1pm Spain / 7am EST / 5am MST – Lunch – We try not to eat at the same place twice since we exploring the city. Despite what you’ve heard about American portions, the meals here are absolutely massive. Pretty much every restaurant has a Menu of the Day available consisting of a first course of soup, salad, or tapas, a second course of one of their entrees, and it comes with bread, dessert, and a drink for about 11 euros (~$14), including tax and you don’t tip. It’s not a bad deal for how much you get, but we would easily gain 20 pounds each if we ate like that every day! Instead, we always order 2 drinks, usually “agua sin gas” which is uncarbonated water (the drinks all pretty much cost the same amount whether you order water, coke, wine, beer, coffee, sangria, etc.). and choose an entree off of the normal menu and split it. It’s almost always more than enough food and we can always gets a snack later if we get hungry. So, instead of spending 22 euros ($28) per day on lunch, we almost always come in under 10 euros (~$12.50) for both of us combined, even when we splurge and go for that second cup of coffee as dessert!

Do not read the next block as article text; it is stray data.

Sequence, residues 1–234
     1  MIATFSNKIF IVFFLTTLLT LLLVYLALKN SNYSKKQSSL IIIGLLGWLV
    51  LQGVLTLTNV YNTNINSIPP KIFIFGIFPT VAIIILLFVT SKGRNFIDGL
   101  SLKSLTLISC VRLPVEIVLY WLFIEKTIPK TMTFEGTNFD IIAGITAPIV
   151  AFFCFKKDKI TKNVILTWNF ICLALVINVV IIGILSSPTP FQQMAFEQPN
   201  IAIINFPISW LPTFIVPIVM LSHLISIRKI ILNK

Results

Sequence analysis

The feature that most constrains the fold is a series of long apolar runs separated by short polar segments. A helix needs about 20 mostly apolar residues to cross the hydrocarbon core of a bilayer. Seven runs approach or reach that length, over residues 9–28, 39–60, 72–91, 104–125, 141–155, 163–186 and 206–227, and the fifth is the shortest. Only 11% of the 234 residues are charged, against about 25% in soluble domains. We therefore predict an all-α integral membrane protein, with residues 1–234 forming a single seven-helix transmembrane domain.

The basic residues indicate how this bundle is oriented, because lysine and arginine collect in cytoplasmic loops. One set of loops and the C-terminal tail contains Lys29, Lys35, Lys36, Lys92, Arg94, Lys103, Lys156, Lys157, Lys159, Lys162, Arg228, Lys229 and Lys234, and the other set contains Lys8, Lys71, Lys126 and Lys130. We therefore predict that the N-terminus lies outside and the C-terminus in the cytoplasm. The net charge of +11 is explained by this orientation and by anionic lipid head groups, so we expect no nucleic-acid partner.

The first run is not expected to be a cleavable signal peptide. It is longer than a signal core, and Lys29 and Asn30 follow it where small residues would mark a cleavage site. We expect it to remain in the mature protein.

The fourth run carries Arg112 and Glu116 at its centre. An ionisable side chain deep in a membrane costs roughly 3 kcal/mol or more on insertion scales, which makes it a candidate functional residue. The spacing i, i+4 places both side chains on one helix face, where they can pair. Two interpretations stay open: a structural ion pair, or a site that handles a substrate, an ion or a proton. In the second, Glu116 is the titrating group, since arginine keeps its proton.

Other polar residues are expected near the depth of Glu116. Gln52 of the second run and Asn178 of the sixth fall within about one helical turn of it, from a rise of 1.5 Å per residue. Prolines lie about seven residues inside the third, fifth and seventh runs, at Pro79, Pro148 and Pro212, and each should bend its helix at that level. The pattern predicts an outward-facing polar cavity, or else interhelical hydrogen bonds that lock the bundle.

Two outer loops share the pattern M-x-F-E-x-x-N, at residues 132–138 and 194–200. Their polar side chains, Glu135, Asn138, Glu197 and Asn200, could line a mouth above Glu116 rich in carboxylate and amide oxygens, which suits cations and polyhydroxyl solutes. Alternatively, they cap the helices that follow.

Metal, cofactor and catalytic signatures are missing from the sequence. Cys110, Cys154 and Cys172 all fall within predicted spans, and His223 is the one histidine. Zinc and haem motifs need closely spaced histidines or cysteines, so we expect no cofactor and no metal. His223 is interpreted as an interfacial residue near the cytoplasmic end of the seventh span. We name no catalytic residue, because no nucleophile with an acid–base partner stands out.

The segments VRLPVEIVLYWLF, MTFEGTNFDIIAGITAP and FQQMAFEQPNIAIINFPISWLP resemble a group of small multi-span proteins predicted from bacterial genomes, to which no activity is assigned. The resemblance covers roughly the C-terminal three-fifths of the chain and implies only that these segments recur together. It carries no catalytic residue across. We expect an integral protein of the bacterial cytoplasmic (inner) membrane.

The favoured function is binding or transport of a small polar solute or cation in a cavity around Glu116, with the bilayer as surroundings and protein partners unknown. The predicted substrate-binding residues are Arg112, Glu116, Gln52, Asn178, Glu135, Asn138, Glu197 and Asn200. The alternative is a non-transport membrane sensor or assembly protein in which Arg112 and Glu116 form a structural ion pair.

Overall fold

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2pm Spain / 8am EST / 6am MST – Log on to Skype and start work. There are only 3 people at CauseLabs who work an East Coast schedule so the quiet mornings are a great time to get a lot of uninterrupted work done and catch up on new emails from the day before. I can work without meetings (and get SO much done!) for about 3 hours if I get started right at 2pm.